Survivor and Big Brother: The Legacy and Future of Two Reality Juggernauts
BY Yako Molhov
If you think reality television, there are two shows that will always come to mind first – Survivor and Big Brother. This is more than natural because the two formats literally created the reality genre in the late 1990s and still remain among the most popular brands on television and streaming platforms across the world.

Lucas Green, Chief Content Officer, Operations, Banijay, talks with Yako Molhov about the shows’ legacy and future in this exclusive interview for TVBIZZ Magazine.
Australian Survivor All Stars
Banijay distributes two of the most-popular and watched TV formats in the world - Survivor and Big Brother. In September, the two shows started their 26th and 24th year on air since their respective premieres – two milestones in television history. To what do you attribute their longevity and astounding successes that continue to date around the world?
Both Survivor and Big Brother launched at the turn of the century and were instrumental in shaping the genre of reality TV. These shows are pillars of the Banijay catalog, and their longevity and number of commissions speak for themselves.

From its first launch in Sweden in 1997, Survivor has travelled the world, entertaining huge audiences. The leading adventure-reality format, it remains fresh with continued scope for growth. And Big Brother is not just a TV show, it’s an event. It is the original social experiment with entertainment at its heart. It has such a strong, standout identity which is iconic and instantly recognizable. And Banijay is a trusted producer with a reputation for delivering these complex, high-value productions with integrity.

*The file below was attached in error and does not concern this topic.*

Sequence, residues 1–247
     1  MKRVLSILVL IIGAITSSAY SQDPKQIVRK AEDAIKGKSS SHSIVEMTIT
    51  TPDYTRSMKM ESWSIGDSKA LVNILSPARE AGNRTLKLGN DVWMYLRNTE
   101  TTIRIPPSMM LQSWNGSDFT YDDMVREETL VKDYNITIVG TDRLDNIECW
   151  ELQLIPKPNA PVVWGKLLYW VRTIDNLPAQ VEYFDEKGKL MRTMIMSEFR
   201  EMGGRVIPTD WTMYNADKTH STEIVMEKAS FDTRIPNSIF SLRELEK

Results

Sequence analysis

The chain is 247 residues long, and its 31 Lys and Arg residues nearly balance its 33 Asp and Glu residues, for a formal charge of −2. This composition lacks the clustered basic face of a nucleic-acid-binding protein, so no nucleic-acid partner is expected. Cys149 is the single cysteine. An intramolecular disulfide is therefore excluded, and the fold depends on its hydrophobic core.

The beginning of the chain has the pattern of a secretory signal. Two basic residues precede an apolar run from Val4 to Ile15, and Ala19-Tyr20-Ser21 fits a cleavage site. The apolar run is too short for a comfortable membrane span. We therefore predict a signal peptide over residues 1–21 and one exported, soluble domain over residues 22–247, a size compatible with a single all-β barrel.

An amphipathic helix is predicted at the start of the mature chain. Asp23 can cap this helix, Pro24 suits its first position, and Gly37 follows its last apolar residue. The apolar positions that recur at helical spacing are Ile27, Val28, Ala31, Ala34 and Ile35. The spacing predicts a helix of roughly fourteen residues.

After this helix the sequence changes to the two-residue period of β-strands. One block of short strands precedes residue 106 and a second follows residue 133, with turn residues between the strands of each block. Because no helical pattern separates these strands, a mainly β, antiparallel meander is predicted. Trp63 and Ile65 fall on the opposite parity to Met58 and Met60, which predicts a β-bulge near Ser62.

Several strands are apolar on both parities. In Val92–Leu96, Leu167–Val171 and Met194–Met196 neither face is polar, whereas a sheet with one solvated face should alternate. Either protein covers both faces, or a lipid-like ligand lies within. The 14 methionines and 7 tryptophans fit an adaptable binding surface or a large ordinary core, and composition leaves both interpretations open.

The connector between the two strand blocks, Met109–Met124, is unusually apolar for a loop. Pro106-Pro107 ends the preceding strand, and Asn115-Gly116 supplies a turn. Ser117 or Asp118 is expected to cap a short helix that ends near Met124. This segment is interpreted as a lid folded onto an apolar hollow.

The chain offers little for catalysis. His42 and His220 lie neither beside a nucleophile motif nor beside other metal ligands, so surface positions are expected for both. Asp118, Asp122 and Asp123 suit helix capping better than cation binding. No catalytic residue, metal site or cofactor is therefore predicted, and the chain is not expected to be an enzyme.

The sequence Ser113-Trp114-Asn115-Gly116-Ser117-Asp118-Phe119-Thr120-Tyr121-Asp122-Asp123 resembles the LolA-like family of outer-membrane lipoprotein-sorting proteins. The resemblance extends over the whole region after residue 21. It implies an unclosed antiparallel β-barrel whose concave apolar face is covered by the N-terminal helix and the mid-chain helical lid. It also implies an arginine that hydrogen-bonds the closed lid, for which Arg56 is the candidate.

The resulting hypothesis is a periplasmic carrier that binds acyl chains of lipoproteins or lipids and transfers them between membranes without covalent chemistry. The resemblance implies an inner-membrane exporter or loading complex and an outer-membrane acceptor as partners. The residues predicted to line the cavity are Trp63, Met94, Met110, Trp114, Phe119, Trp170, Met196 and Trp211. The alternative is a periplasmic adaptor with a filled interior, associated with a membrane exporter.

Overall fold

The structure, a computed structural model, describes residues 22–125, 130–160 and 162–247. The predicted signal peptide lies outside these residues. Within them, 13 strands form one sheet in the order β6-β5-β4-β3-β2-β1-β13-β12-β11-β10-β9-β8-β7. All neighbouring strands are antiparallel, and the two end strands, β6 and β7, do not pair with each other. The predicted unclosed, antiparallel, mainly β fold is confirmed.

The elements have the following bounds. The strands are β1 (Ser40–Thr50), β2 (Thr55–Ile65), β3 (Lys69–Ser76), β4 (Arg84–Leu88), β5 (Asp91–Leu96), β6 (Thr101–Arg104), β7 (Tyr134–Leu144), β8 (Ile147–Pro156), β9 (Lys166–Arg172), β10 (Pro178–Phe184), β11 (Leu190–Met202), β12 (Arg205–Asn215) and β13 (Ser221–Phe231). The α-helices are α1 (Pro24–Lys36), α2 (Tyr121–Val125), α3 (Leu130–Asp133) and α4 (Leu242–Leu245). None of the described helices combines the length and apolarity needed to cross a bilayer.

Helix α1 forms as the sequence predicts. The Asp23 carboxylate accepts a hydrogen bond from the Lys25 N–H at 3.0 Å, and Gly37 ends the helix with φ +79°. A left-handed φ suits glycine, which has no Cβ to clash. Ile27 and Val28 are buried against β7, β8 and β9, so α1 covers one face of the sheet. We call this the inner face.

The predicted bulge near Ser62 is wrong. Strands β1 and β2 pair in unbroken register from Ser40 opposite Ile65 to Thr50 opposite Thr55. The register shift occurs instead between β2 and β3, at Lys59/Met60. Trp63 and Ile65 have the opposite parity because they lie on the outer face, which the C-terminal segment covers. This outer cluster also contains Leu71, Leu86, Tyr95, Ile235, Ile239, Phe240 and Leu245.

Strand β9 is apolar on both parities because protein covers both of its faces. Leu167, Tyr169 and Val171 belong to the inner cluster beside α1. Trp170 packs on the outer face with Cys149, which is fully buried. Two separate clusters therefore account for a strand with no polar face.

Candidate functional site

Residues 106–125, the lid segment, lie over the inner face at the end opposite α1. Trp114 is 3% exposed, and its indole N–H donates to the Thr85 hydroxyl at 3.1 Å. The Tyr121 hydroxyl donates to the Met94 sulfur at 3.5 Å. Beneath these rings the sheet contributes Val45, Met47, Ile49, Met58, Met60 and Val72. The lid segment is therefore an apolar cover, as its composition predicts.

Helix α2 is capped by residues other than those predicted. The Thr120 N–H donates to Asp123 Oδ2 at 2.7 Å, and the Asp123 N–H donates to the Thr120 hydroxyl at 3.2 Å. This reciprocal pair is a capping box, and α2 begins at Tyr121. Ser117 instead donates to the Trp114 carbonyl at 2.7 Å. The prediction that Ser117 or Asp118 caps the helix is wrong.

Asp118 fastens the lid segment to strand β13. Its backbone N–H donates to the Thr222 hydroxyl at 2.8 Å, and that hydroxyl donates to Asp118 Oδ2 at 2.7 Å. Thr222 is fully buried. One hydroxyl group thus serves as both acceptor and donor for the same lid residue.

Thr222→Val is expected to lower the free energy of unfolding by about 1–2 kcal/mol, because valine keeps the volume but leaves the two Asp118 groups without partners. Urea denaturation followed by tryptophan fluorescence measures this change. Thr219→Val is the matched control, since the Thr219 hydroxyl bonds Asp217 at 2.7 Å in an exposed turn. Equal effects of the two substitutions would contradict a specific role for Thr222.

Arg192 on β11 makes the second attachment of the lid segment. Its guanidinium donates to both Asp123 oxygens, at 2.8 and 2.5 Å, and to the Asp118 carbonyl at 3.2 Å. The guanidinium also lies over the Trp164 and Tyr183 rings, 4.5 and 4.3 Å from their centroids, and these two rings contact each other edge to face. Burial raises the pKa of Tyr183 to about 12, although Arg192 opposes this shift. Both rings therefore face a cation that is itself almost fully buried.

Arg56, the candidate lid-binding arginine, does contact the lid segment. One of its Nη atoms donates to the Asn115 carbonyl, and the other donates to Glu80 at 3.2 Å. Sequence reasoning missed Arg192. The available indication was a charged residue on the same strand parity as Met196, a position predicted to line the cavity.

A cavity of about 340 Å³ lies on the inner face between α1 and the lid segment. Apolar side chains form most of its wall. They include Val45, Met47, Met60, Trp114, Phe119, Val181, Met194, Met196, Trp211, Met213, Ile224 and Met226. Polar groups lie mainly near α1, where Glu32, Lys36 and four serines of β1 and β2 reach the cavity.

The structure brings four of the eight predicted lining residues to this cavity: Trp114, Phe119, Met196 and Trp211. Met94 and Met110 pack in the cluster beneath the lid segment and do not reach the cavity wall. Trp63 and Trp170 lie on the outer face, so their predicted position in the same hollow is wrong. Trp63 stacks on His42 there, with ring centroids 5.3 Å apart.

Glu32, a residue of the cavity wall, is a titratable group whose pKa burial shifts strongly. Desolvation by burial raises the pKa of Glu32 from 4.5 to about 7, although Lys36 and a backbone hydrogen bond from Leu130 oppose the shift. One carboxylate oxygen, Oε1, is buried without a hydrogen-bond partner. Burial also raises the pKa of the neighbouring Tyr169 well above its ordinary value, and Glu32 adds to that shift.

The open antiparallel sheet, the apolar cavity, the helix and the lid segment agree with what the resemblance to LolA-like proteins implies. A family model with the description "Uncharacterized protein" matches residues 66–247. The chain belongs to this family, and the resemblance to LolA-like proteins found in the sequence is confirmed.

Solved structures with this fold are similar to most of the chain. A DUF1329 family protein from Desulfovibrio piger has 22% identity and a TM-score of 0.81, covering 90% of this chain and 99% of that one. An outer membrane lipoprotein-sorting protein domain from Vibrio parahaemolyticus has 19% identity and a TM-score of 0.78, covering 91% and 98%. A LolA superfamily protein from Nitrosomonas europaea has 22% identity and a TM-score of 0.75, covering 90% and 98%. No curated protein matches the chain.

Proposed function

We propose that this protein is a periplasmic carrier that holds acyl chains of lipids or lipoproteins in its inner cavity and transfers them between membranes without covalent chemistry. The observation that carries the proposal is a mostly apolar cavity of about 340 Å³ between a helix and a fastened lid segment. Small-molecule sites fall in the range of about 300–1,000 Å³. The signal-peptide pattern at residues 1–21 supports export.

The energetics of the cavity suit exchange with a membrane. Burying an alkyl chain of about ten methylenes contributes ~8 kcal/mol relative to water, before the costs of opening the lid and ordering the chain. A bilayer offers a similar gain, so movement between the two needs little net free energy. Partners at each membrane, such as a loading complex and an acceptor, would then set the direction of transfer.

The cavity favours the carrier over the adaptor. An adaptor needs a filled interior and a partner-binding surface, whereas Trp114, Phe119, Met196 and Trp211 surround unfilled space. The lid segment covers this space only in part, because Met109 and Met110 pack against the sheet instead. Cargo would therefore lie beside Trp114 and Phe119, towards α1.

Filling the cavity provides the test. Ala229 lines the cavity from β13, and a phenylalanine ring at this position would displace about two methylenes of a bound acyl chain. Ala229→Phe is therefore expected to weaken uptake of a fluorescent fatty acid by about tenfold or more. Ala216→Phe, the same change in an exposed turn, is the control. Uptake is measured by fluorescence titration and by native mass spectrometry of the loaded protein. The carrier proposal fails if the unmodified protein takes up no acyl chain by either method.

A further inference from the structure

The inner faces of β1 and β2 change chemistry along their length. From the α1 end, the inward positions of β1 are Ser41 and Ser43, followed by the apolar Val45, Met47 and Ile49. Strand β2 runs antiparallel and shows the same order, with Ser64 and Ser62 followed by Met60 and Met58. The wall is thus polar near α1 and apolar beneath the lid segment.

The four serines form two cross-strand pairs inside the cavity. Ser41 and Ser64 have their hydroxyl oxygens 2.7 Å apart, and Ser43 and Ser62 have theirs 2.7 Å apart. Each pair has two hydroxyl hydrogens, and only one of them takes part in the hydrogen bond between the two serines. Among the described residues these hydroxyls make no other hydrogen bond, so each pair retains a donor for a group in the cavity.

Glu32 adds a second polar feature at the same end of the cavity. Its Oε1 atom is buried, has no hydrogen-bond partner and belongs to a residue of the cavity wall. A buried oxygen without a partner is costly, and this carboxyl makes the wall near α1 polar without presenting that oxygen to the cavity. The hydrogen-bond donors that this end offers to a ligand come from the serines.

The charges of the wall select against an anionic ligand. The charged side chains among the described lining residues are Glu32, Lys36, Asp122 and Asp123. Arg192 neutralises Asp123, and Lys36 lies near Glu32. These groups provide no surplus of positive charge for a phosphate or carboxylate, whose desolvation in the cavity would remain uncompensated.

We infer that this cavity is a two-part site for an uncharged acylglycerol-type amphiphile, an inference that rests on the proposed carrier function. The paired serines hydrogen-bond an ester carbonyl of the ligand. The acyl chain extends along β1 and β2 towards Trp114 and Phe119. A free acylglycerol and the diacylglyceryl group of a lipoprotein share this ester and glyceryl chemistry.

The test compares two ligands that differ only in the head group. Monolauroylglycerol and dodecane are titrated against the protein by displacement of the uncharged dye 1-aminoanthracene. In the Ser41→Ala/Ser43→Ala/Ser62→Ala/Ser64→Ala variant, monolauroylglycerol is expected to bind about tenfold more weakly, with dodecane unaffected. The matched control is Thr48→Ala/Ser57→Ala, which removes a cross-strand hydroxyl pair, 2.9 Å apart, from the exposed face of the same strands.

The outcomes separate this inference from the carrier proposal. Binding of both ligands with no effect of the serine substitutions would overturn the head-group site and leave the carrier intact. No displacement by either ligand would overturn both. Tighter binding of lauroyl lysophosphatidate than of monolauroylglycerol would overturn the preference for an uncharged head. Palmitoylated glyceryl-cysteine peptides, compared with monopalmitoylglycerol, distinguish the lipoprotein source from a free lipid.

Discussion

At their cores, both shows have strong and unique format pillars, with universally appealing themes, which make them stand out from their competitors.

Both formats have seen different spin-offs like celebrity versions, all-stars versions. How have the formats changed throughout this quarter of a century and how do you make sure they stay current and modern in 2023? Will viewers see new spin-offs of the two formats, companion shows?
There is so much creativity and work that goes into keeping our long-running shows fresh and on-air, and each version feels new. We have a wide range of tried and tested elements that can be played with, and the formats are flexible and scalable depending on the needs of the broadcaster.